A psychological and psychoanalytic review on Toni Morrison’s Bluest Eyes

Toni Morrison shines light to the negative psychological effects of beauty standards in our society through the character, Pecola, in the Bluest Eyes.  Morrison experienced first-hand the negative effects of it when her friend in elementary school was discontent with her appearance because she did not have blue eyes. Morrison tried to visualize her friend, who was black, with blue eyes, and was mortified.  That moment impacted Morrison’s life so deeply that she ended up writing about it in her first novel, The Bluest Eyes.  Pecola represents Morrison’s friend who wanted blue eyes. In the first section of the novel, readers learn about Pecola’s obsession to be white when she has a long conversation with Frieda about Shirley Temple’s cuteness.  Pecola becomes so consume with thoughts of being white that it distorts her view completely to the point where she believes she can actually get blue eyes. Tragically in the end she convinces herself that she has blue eyes and she finally accepts her appearance.

Morrison’s personality is seen through the character, Claudia, in the beginning of the novel where she states that she could not see why so many people were infatuated with Shirley Temple. Claudia recounts once receiving a big baby doll with blue eyes for Christmas, and resenting it. Claudia says, “I was physically revolted by and secretly frightened of those round moronic eyes, the pancake face, and orangeworms hair.”(21) Claudia felt alienated by the doll because she was black and the baby doll was white. She felt it was unrealistic for her to pretend to be the baby’s mother since they did not look alike.  Claudia begins to realize that the image of blonde hair and blue eyes is supposed to be the standard of beauty, but she is offended by that idea because it does not represent her appearance. When Claudia states that she likes Jane Withers, instead of Shirley Temples, Frieda and Pecola thinks she is  “incomprehensible”.  Jane Wither’s character represents one who does not like Shirley Temple in the TV show. Claudia did not accept the beauty standards of her society because it was exclusively attributed to one race.  Morrison shows through Pecola that if one does not accept their unique beauty then they will never be happy.  JA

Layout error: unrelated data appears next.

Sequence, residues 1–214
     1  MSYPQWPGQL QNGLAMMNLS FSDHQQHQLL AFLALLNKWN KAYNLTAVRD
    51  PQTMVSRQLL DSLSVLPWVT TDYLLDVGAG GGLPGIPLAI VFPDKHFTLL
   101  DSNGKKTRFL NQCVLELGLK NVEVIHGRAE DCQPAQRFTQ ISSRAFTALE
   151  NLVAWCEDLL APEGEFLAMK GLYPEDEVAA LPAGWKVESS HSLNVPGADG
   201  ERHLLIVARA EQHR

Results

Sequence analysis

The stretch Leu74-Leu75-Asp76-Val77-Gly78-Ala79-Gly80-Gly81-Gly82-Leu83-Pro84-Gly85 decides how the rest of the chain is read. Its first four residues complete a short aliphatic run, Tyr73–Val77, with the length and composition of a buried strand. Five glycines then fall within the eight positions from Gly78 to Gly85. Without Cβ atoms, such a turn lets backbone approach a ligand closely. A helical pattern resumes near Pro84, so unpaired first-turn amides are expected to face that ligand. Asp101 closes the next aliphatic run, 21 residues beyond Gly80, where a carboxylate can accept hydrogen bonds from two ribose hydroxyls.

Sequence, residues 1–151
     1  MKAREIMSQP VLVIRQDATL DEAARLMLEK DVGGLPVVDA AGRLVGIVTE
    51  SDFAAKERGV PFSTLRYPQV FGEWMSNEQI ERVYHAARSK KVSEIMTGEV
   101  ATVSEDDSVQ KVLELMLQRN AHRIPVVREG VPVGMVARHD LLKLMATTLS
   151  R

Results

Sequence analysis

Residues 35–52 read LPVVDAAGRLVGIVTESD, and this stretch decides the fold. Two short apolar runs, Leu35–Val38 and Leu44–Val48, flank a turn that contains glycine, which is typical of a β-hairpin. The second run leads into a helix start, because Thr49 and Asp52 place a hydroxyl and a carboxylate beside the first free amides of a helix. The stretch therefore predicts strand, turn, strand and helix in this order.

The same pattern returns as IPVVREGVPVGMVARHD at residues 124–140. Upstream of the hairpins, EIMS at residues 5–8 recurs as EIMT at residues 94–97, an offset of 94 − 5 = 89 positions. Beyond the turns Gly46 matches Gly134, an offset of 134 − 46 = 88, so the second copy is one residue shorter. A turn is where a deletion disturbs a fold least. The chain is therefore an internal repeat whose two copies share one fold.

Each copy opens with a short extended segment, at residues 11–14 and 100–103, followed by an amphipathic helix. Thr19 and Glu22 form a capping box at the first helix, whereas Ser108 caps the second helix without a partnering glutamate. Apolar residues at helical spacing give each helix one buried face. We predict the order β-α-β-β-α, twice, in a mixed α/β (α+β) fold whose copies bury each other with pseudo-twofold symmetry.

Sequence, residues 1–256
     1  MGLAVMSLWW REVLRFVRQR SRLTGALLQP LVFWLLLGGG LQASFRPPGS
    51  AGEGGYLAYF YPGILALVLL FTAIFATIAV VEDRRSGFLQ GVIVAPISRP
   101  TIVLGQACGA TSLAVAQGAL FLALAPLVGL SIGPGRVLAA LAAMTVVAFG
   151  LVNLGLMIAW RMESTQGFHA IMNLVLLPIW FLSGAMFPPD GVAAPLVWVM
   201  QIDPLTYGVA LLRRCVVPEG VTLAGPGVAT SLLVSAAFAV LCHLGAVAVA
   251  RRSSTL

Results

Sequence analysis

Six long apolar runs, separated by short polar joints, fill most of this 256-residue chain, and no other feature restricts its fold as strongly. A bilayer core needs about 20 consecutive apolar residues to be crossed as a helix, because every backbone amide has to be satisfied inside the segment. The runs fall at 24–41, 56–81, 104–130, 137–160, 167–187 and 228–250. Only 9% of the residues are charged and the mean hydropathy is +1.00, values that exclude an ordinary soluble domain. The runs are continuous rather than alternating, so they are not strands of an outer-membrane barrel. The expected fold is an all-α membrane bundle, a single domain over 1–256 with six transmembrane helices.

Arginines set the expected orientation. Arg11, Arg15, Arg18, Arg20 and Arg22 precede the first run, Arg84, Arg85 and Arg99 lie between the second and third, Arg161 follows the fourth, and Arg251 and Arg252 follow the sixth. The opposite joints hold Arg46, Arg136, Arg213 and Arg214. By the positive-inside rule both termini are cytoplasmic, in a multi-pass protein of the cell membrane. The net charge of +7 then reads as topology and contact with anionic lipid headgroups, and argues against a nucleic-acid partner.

2 thoughts on “A psychological and psychoanalytic review on Toni Morrison’s Bluest Eyes

  1. I love that you touched on the negative affects of unachievable beauty standards in our society. This is why representation matters. Little girls, young adults, and yes, even people well into adulthood, need to be able to look to the media and society and say, “Yes, that is mean, I count too.” Wonderful post! JMV

  2. JA, I mean your blog post was beyond amazing. I have taught this book multiple times and have explored its depths in many ways but i have never been able to discuss it in this manner with students. The clear connection that Claudia is Morrison is everything! I love love love! that you made this statement because it is so true. I love the relations and connections that this clarification makes. I totally agree with Jenn as well about them being able to look at someone or something that is “beautiful” (makes that standard) and say “I fit that too”. While this is good it is when girls of color are younger that this impact by parents and those around them need to happen. In the study “ Black girl white doll” we see the implications that come with not teaching this mindset early. We, as teachers who spend a majority of the day with kids, need to break down these false ideas of beauty (it can be done in every subject but especially in ELA and the arts). We need to really bring that awareness to students and talk about social media and the many negative and few positive effects on the world. Thanks for this truthful post!


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